Food waste behind only U.S., China in carbon emissions
Food you throw out does more than hurt you financially, a report from the United Nations claims it also contributes to the third highest source of greenhouse gas emissions.
The U.N. Food and Agriculture Organization report measures the environmental impact of food waste. According to the report released Wednesday, 1.3 billion tons of food is wasted each year. The waste essentially erases almost one-third of the land, water and other resources used to produce global food supplies.
The report, Food Wastage Footprint: Impacts on Natural Resources, considered the consequences of food waste on the climate, water and land use, and biodiversity. The wasted food equates to 3.3 billion tons of carbon dioxide per year, an emissions total ranking behind only the total emissions of the United States and China.
According to Reuters, a majority of food wasted in the industrial world is from consumers throwing away food they don’t eat. Most of the food waste in developing countries is a result of inefficient farming and a lack of proper storage facilities.
“All of us – farmers and fishers; food processors and supermarkets; local and national governments; individual consumers – must make changes at every link of the human food chain to prevent food wastage from happening in the first place, and re-use or recycle it when we can’t,” said the Director-General of the Food and Agriculture Organization (FAO) José Graziano da Silva.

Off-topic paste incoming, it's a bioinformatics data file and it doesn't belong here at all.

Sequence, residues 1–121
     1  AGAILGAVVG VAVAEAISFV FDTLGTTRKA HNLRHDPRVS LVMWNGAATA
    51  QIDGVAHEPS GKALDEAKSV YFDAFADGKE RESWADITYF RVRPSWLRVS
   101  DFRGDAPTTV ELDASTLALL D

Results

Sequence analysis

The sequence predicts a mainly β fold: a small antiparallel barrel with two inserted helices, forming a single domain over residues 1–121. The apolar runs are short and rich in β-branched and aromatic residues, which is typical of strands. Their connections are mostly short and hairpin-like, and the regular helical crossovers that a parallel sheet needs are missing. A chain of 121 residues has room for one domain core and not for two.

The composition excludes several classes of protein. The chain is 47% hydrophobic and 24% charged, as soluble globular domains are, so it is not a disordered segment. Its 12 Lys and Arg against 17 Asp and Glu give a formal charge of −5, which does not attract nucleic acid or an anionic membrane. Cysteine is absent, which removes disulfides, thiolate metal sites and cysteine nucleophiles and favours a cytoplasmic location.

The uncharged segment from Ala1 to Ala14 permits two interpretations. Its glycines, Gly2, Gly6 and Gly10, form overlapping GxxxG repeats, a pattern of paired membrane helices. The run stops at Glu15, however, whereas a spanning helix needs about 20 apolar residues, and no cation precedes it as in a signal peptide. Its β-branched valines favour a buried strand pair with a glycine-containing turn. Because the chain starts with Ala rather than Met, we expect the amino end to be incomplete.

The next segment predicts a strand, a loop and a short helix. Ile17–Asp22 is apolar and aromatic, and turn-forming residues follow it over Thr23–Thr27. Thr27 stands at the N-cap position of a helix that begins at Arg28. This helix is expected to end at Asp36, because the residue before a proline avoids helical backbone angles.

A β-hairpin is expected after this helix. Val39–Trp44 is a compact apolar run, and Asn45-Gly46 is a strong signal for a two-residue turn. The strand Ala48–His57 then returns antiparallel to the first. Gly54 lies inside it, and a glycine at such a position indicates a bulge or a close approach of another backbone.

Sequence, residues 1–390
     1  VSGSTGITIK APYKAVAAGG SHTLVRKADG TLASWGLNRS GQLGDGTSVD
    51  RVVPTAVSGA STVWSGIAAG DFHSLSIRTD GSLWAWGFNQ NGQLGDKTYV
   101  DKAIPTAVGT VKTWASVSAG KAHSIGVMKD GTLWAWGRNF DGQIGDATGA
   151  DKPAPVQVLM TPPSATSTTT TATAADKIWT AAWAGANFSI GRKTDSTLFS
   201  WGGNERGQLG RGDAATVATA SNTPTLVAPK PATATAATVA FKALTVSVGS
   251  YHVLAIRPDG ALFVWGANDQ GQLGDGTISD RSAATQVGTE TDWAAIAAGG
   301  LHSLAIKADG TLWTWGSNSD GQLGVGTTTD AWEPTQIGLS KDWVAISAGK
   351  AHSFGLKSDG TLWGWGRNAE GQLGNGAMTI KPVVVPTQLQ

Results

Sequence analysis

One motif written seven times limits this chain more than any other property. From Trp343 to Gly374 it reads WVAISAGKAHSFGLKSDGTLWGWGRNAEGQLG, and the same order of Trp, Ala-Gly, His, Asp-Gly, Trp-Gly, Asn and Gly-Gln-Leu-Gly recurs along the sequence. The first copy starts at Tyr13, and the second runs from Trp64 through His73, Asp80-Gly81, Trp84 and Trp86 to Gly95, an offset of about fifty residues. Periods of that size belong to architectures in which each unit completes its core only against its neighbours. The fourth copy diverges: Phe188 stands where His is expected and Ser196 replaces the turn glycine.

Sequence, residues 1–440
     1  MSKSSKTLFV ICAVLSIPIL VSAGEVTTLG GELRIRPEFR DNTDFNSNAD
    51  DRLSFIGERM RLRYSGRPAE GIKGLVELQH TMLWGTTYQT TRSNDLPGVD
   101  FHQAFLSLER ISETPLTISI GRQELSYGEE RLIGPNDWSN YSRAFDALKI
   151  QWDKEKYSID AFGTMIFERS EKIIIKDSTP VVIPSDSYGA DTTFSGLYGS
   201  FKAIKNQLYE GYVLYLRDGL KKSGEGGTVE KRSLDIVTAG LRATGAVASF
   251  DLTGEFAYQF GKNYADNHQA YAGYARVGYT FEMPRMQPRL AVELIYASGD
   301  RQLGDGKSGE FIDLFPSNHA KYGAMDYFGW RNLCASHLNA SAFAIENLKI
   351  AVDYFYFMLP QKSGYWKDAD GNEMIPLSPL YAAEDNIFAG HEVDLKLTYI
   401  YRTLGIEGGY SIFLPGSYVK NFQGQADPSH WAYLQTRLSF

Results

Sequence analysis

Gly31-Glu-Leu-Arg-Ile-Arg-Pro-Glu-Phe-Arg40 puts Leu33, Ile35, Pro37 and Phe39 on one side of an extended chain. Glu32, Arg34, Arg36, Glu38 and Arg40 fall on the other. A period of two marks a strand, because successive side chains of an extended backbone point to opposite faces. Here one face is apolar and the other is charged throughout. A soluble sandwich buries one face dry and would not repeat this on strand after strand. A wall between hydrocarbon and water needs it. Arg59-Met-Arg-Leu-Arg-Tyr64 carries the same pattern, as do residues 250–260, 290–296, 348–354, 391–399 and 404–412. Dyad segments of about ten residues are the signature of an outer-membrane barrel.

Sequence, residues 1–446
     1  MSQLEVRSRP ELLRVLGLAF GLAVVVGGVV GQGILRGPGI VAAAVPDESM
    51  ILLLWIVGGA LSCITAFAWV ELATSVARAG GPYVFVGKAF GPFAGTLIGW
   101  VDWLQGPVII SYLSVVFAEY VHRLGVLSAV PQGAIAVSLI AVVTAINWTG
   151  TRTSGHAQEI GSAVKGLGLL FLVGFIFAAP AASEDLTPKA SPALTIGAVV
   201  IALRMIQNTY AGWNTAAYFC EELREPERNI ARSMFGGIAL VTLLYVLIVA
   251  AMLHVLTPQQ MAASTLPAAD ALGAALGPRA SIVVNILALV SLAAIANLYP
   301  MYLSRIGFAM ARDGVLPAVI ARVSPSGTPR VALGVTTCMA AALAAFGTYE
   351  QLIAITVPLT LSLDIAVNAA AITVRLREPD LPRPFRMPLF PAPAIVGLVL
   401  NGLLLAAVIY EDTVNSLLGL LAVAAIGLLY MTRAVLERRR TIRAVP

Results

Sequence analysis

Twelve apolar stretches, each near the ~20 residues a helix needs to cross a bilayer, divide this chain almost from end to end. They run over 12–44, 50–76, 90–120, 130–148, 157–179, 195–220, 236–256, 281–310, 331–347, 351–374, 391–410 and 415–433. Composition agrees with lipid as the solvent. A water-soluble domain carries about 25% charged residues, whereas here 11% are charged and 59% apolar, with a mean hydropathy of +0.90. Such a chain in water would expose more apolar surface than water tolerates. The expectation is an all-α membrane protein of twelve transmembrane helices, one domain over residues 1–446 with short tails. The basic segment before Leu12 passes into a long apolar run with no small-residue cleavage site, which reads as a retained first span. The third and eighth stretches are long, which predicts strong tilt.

According to the report, high-income regions were responsible for about 67 percent of all meat waste.
Recognizing the impact of wasting resources, the focus turns to finding a solution. If the total amount of food wasted can be reduced from 30 percent, the challenge of feeding a growing world population becomes even more attainable.
According to a release, the FAO has published a comprehensive ‘tool-kit’ with recommendations on how food loss and waste can be reduced at every stage of the food chain. The tool-kit gives examples of projects around the world that show how national and local governments, farmers, businesses, and individual consumers can take steps to tackle the problem.
On top of the environmental impact, the report estimates food waste causes $750 billion in economic losses annually.